In use for blotting, slide 610 (and separately slide 630) is blotted against an electrophoretic gel or other separating device so as to transfer previously separated species (e.g., antigens or polynucleotides) onto strip 623 in a defined spatial relationship (e.g., short polynucleotides migrate further into a gel than longer ones). The slide is then removed from the gel or vice versa. The blotted material can then be more firmly attached to the nitrocellulose by drying or heating or by using chemically linking reagents (e.g., glutaraldehyde) if desired. In FIG. 6A, three specimen spots 62Oa, 620b and 620c are shown on nitrocellulose strip 623. Three other specimen spots 620d and 620e are shown on nitrocellulose strip 643. These specimen spots, irrespective of whether they were spotted or blotted onto the membrane, can then be exposed to a series of probing, analyzing, washing, treating and developing reagents in a manner analogous to the multi-step process described for tissue specimens in U.S. Ser. No. 775,864. At the conclusion of the process, a chromphore would be deposited at the locus of each spot for which the reagents are specific. Thus, for example, a restriction enzyme digest of a DNA source can be electrophoresed, blotted and probed to see what lengths of restriction fragments have the sequence probed for.
FIG. 6B shows a corresponding slide pair on which the nitrocellulose strips 623 and 643 have reactive groups (such as carboxy or amino) which can be spotted with binding pair members (e.g., antigens, antibody or nucleic acid sequences). Chemical attachment of such binding pair members can be performed in advance by conventional linking chemistry (e.g., carbodiimide chemistry). Alternatively, loci on the membrane can be spotted to have defined pre-bound chemically reactive groups (e.g., N-hydroxysuccinimide, azido, or aldehyde groups) which directly bind to reactive moieties of sample materials (e.g., amino, carboxy, sulfhydryl, purine, pyrimidine or hydroxyl groups) when the sample comes in contact with the loci in the course of filling the capillary action gap with sample. In these cases (unlike those described previously), the slide assembly of slides 610 and 630 is formed without a sample pre-bound on either slide. Either as the initial step or after one or more preparative washing steps (by capillary drawing and evacuation as in FIGS. 3A and 3B), a sample material such as a drop of serum is drawn up into the gap between strips 623 and 643 by capillary action (in a fashion analogous to that shown in FIG. 3A). The assembly is then incubated at an appropriate temperature or temperature profile. If binding occurs, then analyte material in the sample would bind at the appropriate loci of strip 623 or 643. For example, if a viral antigen is bound at one locus on nitrocellulose strip 623, any antibody to that antigen in the serum sample would bind at that locus. Other antibodies in the serum sample would not. The gap could then be evacuated and subjected to various washing steps corresponding to steps 18A-19B of the staining procedure on pages 23-29 of U.S. Ser. No. 775,864. Next, a labeled antibody could be brought in which is specific for any human antibody (e.g., rabbit anti-human Ig) or is specific for certain human antibodies (e.g., goat anti-human IgG). The label can be directly readable (e.g., a fluorescent tag), a site for further attachment of readable label (e.g., biotin serving as a site for avidin-enzyme, avidin-fluor or ABC reagents) or an enzyme (e.g., horseradish peroxidase or alkaline phosphatase). If enzyme is then present where serum antibody had originally bound, then (after further washing) chromogen can be brought in (by analogy to steps 23A to 25B of such staining procedure). At the conclusion of such process, slide 610 can be examined by the naked eye, by a microscope or by an electronic visualization device to determine if color is present at that spot as an indication if (and semiquantitatively how much of) the looked for antibody was present in the serum sample.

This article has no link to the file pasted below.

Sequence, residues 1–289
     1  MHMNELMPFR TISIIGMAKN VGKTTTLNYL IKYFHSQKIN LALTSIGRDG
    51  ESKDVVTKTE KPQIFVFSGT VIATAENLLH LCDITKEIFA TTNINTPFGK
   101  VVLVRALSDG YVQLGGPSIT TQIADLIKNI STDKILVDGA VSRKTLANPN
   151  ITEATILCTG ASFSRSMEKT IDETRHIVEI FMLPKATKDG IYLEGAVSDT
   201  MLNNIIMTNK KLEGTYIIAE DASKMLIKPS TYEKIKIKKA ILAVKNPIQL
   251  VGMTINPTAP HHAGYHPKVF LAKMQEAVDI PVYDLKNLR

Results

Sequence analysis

The advantage of this strategy is that the loci can be compared to the surrounding membrane as a control, or to other spots to provide a simple reference system for quantitation. For example, such other spots could have pre-bound known amounts of analyte, in either a single or multiple amounts. Alternatively, another spot could have pre-bound negative controls, or a pre-bound binding partner for a binding pair member with which the sample is spiked to serve as a calibrator or internal control for the read-out.
It should be appreciated that a single sample can be simultaneously assayed for antibodies against different antigens, if these antigens are pre-bound as spots in a known pattern on strips 623 and 643. Alternatively, identical spots can be formed on strips 623 and 643 to be exposed to the same serum sample and washed. The slides can then be removed from the holder and rearranged in different slide pairs so that, for example, slide 623 is exposed to anti-human Ig antibody and then developing reagents while slide 643 is exposed to anti-human IgG antibody and then developing reagents. In a third format, a single sample can be analyzed for many antigens if antibodies to these antigens are pre-bound as spots in a known pattern on strips 623 and 643. In a fourth format, specific nucleic acid sequences are spotted at defined loci on the strips 623 and 643 for hybridization assays with prepared samples, such as those wherein sample nucleic acid has been exposed, labeled and placed in suitable hybridization media for denaturation and hybridization. Such fourth format can also be used for nucleic acid sandwich assays.